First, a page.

Akira Kurosawa (Japan, 1950)
(Shubun). Kurosawa turns his sights on one of the less wondrous aspects of Japan’s postwar recovery—the Americanized tabloid press—in this energetic vehicle for a spectacularly charismatic Toshiro Mifune. Busy painting expressionist landscapes and revving up his fancy motorcycle, the freewheeling artist Aoye (Mifune) suddenly finds himself the center of a fake affair made up by a scandal-seeking gossip magazine. Contacted by a down-at-heels attorney (the great Takashi Shimura) whose “office” is a rooftop shack, Aoye soon hires the desperate lawyer to represent him against the magazine sleazehounds, and befriends the man’s angelic, tubercular daughter. Inspired by the social-commentary films of Frank Capra, Scandal is one of Kurosawa’s most intriguing, polished works, a combination of Hollywood sheen, Mifune masculinity, and some surprisingly sorrowful moments, such as a community of drunkards’ sad Christmas chorus, or a moonlit walk home among all the stars in the gutter. Lead actress Yoshiko Yamaguchi later embarked on her own Hollywood career, as Shirley Yamaguchi.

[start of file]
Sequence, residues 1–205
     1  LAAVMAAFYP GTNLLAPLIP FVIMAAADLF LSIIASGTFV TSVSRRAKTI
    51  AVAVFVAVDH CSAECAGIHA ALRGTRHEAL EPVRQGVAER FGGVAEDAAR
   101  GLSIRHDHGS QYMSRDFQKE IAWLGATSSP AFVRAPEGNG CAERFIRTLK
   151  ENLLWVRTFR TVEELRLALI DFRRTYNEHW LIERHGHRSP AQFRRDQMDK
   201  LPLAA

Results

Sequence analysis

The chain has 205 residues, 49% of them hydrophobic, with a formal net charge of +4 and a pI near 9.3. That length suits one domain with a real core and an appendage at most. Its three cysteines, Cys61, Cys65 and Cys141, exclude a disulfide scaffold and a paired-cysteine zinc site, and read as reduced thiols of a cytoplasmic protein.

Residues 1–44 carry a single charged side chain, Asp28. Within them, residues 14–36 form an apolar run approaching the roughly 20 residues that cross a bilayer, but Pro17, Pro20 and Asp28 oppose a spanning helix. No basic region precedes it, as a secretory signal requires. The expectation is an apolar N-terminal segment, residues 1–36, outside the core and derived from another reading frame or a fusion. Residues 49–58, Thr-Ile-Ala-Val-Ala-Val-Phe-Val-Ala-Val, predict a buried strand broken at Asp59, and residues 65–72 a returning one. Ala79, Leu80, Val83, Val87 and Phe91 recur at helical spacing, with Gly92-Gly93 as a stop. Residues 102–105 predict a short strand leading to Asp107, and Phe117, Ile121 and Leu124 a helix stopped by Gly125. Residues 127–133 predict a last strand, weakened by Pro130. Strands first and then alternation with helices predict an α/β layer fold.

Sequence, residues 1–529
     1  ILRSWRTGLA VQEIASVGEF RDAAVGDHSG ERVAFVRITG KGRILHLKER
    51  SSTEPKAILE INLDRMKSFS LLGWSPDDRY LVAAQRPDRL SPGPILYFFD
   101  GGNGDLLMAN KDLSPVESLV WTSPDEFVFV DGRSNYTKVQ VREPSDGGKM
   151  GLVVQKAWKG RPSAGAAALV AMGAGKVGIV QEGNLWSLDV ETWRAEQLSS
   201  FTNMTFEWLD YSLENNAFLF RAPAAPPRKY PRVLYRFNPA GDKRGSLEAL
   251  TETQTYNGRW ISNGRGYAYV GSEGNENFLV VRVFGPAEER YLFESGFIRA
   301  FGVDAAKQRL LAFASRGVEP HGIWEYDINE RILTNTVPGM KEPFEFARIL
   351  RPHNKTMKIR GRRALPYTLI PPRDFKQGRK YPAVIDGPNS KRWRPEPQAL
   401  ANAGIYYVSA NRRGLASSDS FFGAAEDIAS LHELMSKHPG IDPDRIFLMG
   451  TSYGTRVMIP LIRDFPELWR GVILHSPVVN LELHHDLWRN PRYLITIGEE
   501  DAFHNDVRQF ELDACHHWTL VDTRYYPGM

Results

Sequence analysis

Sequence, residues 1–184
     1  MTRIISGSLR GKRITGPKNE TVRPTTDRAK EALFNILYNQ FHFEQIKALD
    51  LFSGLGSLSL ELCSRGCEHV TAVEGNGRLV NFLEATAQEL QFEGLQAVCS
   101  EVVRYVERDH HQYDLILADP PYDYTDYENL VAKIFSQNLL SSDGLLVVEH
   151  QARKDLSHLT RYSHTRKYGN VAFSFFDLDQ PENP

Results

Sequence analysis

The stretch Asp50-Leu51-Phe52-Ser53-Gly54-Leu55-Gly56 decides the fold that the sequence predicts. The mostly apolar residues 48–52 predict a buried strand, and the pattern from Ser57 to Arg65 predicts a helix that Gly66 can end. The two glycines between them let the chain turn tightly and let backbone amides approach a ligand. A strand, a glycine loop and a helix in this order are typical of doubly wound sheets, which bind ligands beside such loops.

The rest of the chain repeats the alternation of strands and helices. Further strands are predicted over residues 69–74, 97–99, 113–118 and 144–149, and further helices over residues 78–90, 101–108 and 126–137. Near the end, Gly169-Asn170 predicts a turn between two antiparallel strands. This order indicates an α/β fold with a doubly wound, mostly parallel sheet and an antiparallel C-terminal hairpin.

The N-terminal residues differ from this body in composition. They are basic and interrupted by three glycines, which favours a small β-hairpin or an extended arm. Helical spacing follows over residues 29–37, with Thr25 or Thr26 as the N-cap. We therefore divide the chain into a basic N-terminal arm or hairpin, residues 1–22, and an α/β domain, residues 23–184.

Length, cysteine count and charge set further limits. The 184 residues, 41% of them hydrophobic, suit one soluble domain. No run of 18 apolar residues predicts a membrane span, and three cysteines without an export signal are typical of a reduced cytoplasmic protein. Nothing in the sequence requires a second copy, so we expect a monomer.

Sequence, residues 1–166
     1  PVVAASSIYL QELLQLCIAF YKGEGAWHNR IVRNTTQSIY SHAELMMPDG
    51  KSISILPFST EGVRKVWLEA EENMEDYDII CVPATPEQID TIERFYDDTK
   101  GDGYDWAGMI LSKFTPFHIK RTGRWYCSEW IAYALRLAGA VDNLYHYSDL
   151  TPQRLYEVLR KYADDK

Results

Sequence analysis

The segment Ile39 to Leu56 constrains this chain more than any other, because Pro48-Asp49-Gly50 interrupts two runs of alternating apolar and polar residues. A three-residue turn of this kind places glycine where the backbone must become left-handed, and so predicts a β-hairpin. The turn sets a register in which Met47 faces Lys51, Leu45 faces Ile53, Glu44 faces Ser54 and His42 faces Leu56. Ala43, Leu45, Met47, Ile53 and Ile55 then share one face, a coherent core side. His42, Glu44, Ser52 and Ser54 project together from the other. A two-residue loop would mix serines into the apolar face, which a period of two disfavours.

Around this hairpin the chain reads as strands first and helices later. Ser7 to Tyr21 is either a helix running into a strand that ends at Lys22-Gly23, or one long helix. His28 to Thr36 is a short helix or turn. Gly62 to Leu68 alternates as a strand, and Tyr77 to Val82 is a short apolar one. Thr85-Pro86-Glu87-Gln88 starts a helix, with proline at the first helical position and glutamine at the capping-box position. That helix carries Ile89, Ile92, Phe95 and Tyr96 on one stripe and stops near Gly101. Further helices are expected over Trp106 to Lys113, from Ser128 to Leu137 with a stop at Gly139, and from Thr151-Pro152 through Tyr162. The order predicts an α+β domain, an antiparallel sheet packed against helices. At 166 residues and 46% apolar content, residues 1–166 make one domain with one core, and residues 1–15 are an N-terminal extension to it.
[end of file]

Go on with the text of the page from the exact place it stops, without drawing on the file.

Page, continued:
• Written by Kurosawa, Ryuzo Kikushima. Photographed by Toshio Ubukata. With Toshiro Mifune, Yoshiko Yamaguchi, Takashi Shimura, Yoko Katsuragi. (104 mins, In Japanese with English subtitles, B&W, 35mm, From The Japan Foundation, permission Janus/Criterion Collection)